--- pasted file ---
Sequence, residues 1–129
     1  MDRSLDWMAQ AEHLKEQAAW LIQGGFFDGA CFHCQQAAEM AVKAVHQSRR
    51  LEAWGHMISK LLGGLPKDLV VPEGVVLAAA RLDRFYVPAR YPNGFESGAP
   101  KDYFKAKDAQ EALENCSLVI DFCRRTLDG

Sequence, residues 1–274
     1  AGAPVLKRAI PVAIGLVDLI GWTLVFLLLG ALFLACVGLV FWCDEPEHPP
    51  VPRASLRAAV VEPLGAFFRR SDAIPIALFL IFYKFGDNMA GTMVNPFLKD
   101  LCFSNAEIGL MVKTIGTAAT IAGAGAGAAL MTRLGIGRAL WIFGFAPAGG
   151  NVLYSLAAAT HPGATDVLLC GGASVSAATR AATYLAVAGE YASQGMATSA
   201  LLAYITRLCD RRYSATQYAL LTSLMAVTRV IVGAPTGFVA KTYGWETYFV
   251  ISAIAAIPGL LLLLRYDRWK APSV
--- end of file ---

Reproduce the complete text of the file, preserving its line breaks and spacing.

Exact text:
Sequence, residues 1–129
     1  MDRSLDWMAQ AEHLKEQAAW LIQGGFFDGA CFHCQQAAEM AVKAVHQSRR
    51  LEAWGHMISK LLGGLPKDLV VPEGVVLAAA RLDRFYVPAR YPNGFESGAP
   101  KDYFKAKDAQ EALENCSLVI DFCRRTLDG

Sequence, residues 1–274
     1  AGAPVLKRAI PVAIGLVDLI GWTLVFLLLG ALFLACVGLV FWCDEPEHPP
    51  VPRASLRAAV VEPLGAFFRR SDAIPIALFL IFYKFGDNMA GTMVNPFLKD
   101  LCFSNAEIGL MVKTIGTAAT IAGAGAGAAL MTRLGIGRAL WIFGFAPAGG
   151  NVLYSLAAAT HPGATDVLLC GGASVSAATR AATYLAVAGE YASQGMATSA
   201  LLAYITRLCD RRYSATQYAL LTSLMAVTRV IVGAPTGFVA KTYGWETYFV
   251  ISAIAAIPGL LLLLRYDRWK APSV